Six Ways to Determine Who is at Fault in an Accident

Florida may be a “No Fault” state but that doesn’t mean that no one is to blame for your accident. In order to sue the other driver for compensation for your injuries, you will first have to be able to prove that they were to blame for the accident, that acting wrongfully or negligently led to them causing the accident, and that their actions resulted in your injuries. But how do you do this after the trauma of the car accident?

After an accident, you should first check for any injuries and call 9-1-1 to report the accident and request medical help to be sent if it is needed. Once everyone is taken care of, you can begin to determine how the accident happened in the first place and who caused it. We have compiled a list of six ways to help determine who was at fault for the accident so you can begin to prepare for the next steps with the insurance company and your attorney.

  1. Citations issued by responding officer

Typically, the driver who receives a ticket for speeding, running a red light or stop sign, or other moving violation will be seen as the individual at fault for the accident. Drivers are expected to drive according to all laws and breaking those laws while driving can be considered as negligence or even intentionally wrongful acts.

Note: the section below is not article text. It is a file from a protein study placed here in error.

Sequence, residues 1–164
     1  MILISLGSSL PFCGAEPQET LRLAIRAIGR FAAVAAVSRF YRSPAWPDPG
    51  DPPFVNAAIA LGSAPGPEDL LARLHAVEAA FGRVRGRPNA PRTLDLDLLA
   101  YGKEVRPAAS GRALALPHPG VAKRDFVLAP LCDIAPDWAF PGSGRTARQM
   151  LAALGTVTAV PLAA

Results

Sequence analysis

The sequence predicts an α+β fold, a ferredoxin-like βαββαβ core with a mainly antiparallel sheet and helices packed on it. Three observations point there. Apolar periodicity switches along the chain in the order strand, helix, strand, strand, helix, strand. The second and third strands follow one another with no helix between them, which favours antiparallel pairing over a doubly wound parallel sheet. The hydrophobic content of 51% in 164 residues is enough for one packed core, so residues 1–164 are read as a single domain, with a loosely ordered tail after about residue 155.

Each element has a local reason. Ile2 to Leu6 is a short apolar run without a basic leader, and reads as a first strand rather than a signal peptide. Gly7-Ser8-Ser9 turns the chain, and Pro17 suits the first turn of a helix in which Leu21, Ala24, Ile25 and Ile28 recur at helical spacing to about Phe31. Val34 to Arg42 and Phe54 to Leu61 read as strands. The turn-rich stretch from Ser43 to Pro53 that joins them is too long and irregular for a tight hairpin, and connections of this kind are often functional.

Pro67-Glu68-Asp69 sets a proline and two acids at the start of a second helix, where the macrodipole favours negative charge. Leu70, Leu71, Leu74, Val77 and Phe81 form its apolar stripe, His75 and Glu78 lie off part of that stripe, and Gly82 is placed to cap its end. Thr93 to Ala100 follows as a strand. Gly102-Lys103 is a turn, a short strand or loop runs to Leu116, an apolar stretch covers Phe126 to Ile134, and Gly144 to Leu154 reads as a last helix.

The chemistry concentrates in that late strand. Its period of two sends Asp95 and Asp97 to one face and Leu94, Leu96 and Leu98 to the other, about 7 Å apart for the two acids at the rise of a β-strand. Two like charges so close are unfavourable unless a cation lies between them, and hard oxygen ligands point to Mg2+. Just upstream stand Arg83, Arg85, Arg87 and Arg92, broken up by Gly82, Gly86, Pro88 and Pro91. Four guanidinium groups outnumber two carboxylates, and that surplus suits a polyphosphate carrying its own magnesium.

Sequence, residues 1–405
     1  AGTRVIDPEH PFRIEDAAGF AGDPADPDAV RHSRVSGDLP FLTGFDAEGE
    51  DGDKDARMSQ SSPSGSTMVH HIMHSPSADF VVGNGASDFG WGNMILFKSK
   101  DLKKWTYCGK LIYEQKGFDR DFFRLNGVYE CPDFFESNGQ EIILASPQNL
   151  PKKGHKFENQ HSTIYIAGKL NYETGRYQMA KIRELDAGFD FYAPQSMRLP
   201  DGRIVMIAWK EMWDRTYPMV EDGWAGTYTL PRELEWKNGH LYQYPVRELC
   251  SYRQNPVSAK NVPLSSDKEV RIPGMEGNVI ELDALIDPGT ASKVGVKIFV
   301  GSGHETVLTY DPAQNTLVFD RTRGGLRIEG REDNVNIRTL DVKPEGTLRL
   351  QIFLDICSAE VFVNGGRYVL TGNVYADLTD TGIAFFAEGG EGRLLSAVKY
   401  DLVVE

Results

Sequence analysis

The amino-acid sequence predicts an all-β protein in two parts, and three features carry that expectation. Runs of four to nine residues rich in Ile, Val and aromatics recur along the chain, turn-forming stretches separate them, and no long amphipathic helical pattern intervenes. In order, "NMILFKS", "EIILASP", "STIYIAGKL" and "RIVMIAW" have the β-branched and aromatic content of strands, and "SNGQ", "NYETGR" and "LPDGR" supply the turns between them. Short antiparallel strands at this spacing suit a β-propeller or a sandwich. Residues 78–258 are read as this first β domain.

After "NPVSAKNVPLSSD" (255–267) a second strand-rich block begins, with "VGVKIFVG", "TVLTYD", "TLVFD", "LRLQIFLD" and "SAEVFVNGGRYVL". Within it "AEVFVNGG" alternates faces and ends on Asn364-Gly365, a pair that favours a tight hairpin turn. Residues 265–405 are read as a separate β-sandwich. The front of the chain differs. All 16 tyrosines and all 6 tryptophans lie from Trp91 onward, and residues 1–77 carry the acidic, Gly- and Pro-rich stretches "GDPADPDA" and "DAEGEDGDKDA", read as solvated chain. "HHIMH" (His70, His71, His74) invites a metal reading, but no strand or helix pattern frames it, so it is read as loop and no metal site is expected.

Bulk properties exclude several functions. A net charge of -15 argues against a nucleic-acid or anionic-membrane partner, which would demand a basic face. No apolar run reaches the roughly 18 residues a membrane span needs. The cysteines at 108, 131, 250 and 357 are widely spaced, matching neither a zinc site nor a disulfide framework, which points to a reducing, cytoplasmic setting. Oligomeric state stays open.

1. Check for other driving infractions when a citation is not issued

If an officer does not respond or is unable or is does not issue a citation then you will have to review the accident scene and events leading up to the accident to try and determine if any infractions were made. This is common on private property, like a parking lot, to not have a citation issued. Infractions such as not stopping or a “rolling stop” could have resulted in the accident. If this is the case, make a note of it.

  1. Collect evidence of the scene

Take pictures of the surrounding area and be sure to capture and skid marks, roadway obstructions, street signs, etc. Also take pictures of the damage to your vehicle, the vehicle of the other car(s) involved, and of any injuries of those involved. This is an important step to proving who is at fault. Pictures will help to reconstruct the scene and show what happened.

  1. Check the angle of the collision

The angle of the collision and what side of the vehicle the damage is on can tell a lot about what happened and can even illuminate the at fault party. Typically, drivers who were turning left across traffic or who hit a driver from behind are considered to be at fault. However, keep in mind that these types of accidents aren’t always these driver’s fault. If a driver is making a left hand turn at a green light and the other driver runs a red light, then the driver running the red light is at fault.

  1. Record comments made by the other driver

The other driver may make unintentional comments admitting to fault for the accident either to you, to the responding officer, or on the phone with someone such as a loved one or their insurance company. Pay attention to key phrases such as “I didn’t see you”, “I just took my eyes off the road for a second”, or “I’m sorry for hitting you”.

  1. Interview witnesses to the accident

Witnesses of the accident are a great way to gather information on what led to the accident and which party appeared to be at fault. Ask for the witness’s name and contact information and see if they will provide a written statement of their account of the incident and who they believe is the responsible party.